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History

Welsh History

Wales as a country was established with Henry VIII’s Act of Union in 1536. Before this time it had been inhabited since 200,000 BC, but up to this point was made up of a number of independent kingdoms and lordships.

When the Romans arrived in 43 AD all people in southern Britain were referred to as Britons and spoke to British language. There were a few tribes that put up fierce resistance to the Romans, but they were just too strong for the Welsh. Wales grew under the rule of the Romans, as there were roads and forts built and many areas commerce and agriculture were developed.  When the Romans left in the 5th century, the Anglo Saxons came in and it was here where the language and culture split into many groups, which the Welsh were the biggest of the groups in the area.


During the Norman conquest of England in 1066 the main ruler in Wales was Bleddyn ap Cynfyn, who was king of Gwynedd and Powys. The Norman eventually took over many parts of his lands and with his death in 1075, this led to civil war and it gave the Normans an opportunity to seize the rest of the lands that Bleddyn once controlled. William the Conqueror arrived and built castles all along the southern area of the country. The Normans thought they had complete control of the area till a revolt happened and this enabled the Welsh under the leadership of Gruffydd ap Cynan to take back territories and build a strong kingdom in Gwynedd. This kingdom saw the rising of arguably the greatest Welsh leader named Llywelyn ab Iorweth, or also known as Llywelyn Fawr (the Great), who by his death in 1240 had taken over much of the entire territory of Wales. After his death Edward I of England was in control of England and without a fierce leader in Wales, war broke out and eventually this led to Wales becoming England’s first colony in 1283.

 

 


In 1485, Henry Tudor, or better known as King Henry VII landed in Wales looking for support for the throne of England. He was a distant relative of Rhys ap Gruffydd (The Lord Rhys). Because of his Welsh blood he managed to gain huge support, which led to him defeating King Richard III of England in the Battle Bosworth and this him becoming King Henry VII of England. Under his sons rule (Henry VIII of England) the Laws in Wales Acts 1535 – 1542 were passed, which meant it integrating Wales with England in legal terms abolishing the Welsh legal system, and banning the Welsh language from any official role or status, but it did for the first time define the England-Wales border and allowed members representing constituencies in Wales to be elected to the English Parliament. After this act was passed King Henry VIII passed as well the Laws in Wales Act, which meant Wales would be fully incorporated into the Kingdom of England. Wales become part of the Kingdom of Great Britain in 1707 and then the United Kingdom in 1801.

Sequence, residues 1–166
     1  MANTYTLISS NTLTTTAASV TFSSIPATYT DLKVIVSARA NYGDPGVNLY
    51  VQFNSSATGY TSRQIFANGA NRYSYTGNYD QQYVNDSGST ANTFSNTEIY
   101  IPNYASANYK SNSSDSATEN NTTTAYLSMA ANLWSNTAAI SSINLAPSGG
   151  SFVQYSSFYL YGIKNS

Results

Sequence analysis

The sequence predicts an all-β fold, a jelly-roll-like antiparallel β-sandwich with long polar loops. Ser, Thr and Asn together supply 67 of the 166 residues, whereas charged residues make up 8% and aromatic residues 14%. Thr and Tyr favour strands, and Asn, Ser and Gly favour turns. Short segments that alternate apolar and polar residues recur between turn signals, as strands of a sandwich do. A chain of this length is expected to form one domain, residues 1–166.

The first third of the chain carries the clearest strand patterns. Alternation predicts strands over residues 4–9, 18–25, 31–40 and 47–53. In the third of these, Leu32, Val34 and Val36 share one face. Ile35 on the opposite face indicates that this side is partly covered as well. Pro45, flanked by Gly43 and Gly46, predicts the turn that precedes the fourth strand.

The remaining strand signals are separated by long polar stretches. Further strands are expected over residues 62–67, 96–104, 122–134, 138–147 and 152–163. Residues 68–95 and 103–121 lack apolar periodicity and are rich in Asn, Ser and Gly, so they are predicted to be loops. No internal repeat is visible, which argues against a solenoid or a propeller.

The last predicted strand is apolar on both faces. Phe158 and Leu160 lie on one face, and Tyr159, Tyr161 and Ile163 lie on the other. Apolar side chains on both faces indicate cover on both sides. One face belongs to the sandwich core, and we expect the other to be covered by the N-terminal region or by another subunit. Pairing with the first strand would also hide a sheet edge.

Because of King Henry VIII’s stance on religion and deciding to go against the Pope and the Catholic Church it created many religious issues throughout Wales, Scotland and England. Despite England controlling the country, Wales managed to hang onto its language thanks to the Welsh Methodists in the 19th century who broke away from the Anglican Church and established their own denomination, which is now known as the Presbyterian Church of Wales. This was the only place in Wales where Welsh was taught and spoken, as it was banned in schools. It’s because of this movement that the Welsh language still lives strong today.

In the 18th century the Industrial Revolution began and Wales saw a huge increase and establishment of coal and iron ore mines, which popped up all over the country. This sudden boom saw huge numbers of people flocking to Wales for work. This increase happened till industry went into decline in the 20th century when most of the resources had been used up or weren’t wanted anymore.

After the boom years were over in the mining industry, national sediment and interest in self-governing rose. The nationalist party Plaid Cymru gained momentum in the 1960s and militant groups such as the Free Wales Army and Mudiad Amddiffyn Cymru (MAC – Welsh Defense Movement) also were gaining in popularity. These groups were responsible for a few bomb blasts that were leading up to Prince Charles inauguration in 1969 at Caernarfon Castle, which the whole country was paying attention to.

The Plaid Cymru were gaining more support and they helped with the establishment of the first Welsh language channel in 1982. This led to the Welsh Language Act of 1993, which gave the Welsh language equal status with England in Wales regarding public sector.

In 1997, there was a referendum in Scotland and Wales, so they could decide on their countries future. It was a narrow ‘yes’ win, but with that decision the Welsh Assembly was set up in 1999. This meant that Wales could determine how their budget is to be spent for the country. In the same year the Millennium Stadium was built in Cardiff and the Welsh had a new found purpose and finally felt a bit independent for the first time in 100s of years.
In 2006 the Government of Wales Act gained Royal Assent meaning that from May 2007 the Queen would have the new legal identity of 'Her Majesty in Right of Wales' and would for the first time appoint Welsh Ministers and sign Welsh Orders in Council. It also made provision for a future referendum to ask the Welsh people if they would like the Welsh Assembly to gain the power to pass primary legislation e.g. to make true Welsh laws.

This is a wonderful time to be in Wales, as it’s almost like beginning of a new country, as they are forging ahead and building their own country once again.

 

 
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